Lamb of God’s self titled is a defining album in the band’s discography and one that will drop jaws as much as shut them up
Lamb of God are the poster boys for modern metal – beyond the high quality of the music, they have, in their 21 years, a genuine story to the band. With their meteoric rise to fame at just the right time, inter-band frictions, substance abuse, loss of a key band member, and, of course, all the craziness around the incarceration and court case of vocalist Randy Blythe a few years back, they are the complete package. With their new album, simply titled ‘Lamb of God’, they are making a statement to say that they are still the top of the heap, and they ain’t going anywhere too soon.
With the loss of founding member and drummer Chris Adler last year, fans were floored and were expecting the band to either flounder or close shop altogether, and with good reason – along with being one of the key songwriters and arrangers of the band, he is also an incredible player and one of the modern drummer gods. His work on all previous releases was insanely intricate, precise, and downright brutal, and the loss seemed akin to Dream Theater losing Mike Portnoy who had a very similar position in that band. The past two Lamb of God albums were both slow burners that needed a lot more listening time to take in what they were trying to achieve, as opposed to their ‘heyday albums’, where the impact was immediate and mind-blowing. The remaining members, deciding that the band was too important to themselves and the rabid fans, absolutely had to make their first post-Chris album something special and explosive. And they damn well did. Bloody hell.
Opener Memento Mori has a melancholic intro that builds painfully into a classic Lamb of God riff-fest that takes no prisoners and rips faces off left and right, and Checkmate follows suit with all the necessary bells and whistles ringing hard and fast. The following three tracks (Gears, Reality Bath, and the fierce New Colossal Hate) are a trilogy of brutality and lyrical venom; easily the finest on display here. They are dripping with classic Adler/Morton guitar interplay that gives a real back-to-basics feel for the pair – the riffs flying high and finally meeting in a barrage of molten metal fury -and the rhythm section of long-time bassist John Campbell (a monster of the four-string attack) and new drummer Arturo “Art” Cruz take things to a completely different and wondrous place. Added to the palette are guest vocals by Testament legend Chuck Billy on the ripping Routes and Hatebreed frontman Jamey Jasta throwing down hard on Poison Dream, but the album plays hard and fast throughout, with nary a misstep or stitch of filler in sight.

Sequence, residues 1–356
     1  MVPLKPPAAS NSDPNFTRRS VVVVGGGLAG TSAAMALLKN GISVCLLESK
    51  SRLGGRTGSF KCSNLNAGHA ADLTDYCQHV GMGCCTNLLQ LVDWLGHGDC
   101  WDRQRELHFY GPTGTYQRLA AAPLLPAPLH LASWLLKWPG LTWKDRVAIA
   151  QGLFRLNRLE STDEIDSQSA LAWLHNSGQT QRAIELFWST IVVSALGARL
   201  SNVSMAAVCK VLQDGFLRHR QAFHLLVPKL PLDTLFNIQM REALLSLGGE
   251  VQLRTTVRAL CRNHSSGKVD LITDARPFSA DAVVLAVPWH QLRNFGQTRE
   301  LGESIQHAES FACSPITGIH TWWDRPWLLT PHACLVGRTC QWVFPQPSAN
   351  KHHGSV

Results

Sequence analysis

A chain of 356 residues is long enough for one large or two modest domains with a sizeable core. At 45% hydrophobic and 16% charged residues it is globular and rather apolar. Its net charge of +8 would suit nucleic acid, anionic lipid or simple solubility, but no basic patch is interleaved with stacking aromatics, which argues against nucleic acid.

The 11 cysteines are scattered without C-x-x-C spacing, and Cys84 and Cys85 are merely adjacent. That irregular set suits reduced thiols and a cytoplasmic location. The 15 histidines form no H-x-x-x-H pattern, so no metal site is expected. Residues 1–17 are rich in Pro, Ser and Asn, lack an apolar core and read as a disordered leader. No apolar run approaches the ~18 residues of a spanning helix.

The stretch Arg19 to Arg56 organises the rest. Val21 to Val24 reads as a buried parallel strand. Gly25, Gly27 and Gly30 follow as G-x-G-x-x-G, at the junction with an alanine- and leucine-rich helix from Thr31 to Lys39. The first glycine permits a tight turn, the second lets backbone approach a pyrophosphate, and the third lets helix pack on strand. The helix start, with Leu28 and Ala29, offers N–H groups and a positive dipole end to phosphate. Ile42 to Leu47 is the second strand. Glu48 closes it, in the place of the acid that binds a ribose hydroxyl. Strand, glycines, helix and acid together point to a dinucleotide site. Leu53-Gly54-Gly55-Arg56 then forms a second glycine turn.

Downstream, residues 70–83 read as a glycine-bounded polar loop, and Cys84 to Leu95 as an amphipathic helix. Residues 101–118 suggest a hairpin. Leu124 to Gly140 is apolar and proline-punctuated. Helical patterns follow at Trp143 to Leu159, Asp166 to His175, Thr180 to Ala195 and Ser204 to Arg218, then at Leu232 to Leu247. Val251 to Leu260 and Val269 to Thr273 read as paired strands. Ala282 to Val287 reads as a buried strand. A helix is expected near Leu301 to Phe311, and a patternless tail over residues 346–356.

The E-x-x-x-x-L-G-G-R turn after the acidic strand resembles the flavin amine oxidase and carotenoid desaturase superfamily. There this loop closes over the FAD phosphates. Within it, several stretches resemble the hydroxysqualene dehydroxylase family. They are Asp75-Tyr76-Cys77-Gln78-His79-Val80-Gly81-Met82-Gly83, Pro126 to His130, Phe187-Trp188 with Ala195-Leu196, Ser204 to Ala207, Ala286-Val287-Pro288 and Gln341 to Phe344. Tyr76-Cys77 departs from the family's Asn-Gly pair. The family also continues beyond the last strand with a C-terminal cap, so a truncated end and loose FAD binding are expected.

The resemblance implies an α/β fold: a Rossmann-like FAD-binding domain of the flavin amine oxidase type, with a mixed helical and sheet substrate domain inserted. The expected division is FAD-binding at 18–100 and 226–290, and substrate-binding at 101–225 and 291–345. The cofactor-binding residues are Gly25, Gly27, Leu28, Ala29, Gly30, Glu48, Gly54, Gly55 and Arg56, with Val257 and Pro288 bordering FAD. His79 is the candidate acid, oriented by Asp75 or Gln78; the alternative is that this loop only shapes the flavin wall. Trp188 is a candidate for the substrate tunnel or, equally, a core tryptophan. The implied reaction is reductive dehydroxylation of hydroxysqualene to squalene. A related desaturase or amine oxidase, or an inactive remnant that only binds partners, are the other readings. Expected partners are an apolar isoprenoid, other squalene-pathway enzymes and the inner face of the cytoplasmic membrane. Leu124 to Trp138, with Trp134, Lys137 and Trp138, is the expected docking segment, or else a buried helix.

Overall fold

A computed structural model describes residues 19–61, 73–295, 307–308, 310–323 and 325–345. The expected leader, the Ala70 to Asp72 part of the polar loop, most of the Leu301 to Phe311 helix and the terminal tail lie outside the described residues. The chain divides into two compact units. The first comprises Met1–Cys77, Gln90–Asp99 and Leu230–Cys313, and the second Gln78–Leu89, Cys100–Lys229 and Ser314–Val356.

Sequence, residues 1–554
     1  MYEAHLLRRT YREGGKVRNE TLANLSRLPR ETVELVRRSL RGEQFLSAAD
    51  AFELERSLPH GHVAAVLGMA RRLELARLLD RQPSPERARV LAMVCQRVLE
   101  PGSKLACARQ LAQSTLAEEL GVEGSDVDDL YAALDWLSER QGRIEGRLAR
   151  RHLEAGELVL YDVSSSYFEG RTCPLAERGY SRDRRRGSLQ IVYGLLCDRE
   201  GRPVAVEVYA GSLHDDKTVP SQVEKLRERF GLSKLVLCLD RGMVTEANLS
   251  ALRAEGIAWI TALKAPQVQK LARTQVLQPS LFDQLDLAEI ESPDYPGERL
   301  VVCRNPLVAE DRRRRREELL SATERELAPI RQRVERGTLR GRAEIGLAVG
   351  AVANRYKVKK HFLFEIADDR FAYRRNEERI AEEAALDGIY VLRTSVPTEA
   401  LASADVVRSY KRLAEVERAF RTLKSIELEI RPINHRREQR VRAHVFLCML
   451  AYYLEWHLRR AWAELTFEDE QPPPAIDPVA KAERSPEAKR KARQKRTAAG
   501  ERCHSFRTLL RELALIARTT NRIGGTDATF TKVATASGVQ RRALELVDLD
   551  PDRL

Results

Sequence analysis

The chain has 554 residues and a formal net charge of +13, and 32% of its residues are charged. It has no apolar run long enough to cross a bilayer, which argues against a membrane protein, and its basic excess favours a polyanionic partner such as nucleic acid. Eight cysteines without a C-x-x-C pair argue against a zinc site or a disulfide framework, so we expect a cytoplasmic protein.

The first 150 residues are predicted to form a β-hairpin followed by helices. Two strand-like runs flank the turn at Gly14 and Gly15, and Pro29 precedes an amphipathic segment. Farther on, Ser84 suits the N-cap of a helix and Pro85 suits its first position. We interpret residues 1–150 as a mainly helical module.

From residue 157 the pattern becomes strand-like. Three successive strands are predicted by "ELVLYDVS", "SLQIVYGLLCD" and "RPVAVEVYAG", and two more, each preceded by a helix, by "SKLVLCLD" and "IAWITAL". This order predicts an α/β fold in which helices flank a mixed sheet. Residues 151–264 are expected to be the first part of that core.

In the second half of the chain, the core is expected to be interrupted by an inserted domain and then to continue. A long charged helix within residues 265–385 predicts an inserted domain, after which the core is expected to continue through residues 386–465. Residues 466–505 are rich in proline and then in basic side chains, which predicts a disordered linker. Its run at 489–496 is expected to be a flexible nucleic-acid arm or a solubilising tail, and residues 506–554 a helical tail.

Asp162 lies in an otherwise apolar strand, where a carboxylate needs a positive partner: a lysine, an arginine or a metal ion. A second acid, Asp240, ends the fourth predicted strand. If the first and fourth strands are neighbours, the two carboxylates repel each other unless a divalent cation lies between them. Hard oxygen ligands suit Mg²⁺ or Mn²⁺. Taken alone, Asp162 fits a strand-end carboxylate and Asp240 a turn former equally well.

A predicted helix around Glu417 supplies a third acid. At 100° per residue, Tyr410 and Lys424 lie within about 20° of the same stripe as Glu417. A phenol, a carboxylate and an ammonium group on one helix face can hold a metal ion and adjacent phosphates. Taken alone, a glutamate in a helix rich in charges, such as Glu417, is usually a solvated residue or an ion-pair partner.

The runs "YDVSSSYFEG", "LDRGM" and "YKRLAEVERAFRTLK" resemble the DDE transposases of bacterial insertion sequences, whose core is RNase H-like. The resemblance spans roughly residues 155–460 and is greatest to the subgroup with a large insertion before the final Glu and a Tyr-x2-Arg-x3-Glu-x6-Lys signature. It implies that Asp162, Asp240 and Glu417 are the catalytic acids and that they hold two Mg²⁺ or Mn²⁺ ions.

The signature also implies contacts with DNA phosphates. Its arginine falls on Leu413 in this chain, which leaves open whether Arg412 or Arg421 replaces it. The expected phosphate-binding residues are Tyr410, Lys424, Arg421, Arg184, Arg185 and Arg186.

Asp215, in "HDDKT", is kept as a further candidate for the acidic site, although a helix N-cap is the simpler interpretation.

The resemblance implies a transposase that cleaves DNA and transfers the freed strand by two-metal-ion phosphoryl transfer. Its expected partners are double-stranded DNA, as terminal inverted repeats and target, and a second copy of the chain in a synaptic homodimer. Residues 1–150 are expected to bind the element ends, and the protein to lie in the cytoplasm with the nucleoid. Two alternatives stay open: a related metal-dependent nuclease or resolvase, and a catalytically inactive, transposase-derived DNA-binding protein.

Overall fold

Of course, the beloved elephant in the room is Blythe, a man and artist that has been through the wars and proven himself time and time again. His vocals have never sounded as defined or intensely pissed off as they do right here, and his lyrics (as always) are both introspective and politically aggressive. He’s a wonder to behold, as is every single other member, especially Cruz who, in his first and daunting outing with the band (and filling shoes about 300 miles wide), absolutely kills it – he has all the skills of his predecessor and brings some finery of his own, and it’s truly impressive.
Of all the previous Lamb of God albums, this one brings to mind the gutsy, ‘we’ve got something to prove’, stripped-down and taking no prisoners ‘Ashes Of The Wake’ from 2004, a game-changer for the band at a critical time that won over even their staunchest detractors. Self-titled records usually denote a change in direction or mission statement for a long-time band, and ‘Lamb Of God’ falls firmly in the latter department. It is a brave, confident, beautiful slap to the face of their critics and also fans that gave up when the chips were down, and it will no doubt become one of their most classic albums overall. In an all-too brief 45 minutes of face-melting music, they have thrown that rusty old gauntlet down and proclaimed that they are still the kings of the modern American metal heap, and no amount of adversity or bullshit will stop their mission to remain as such.
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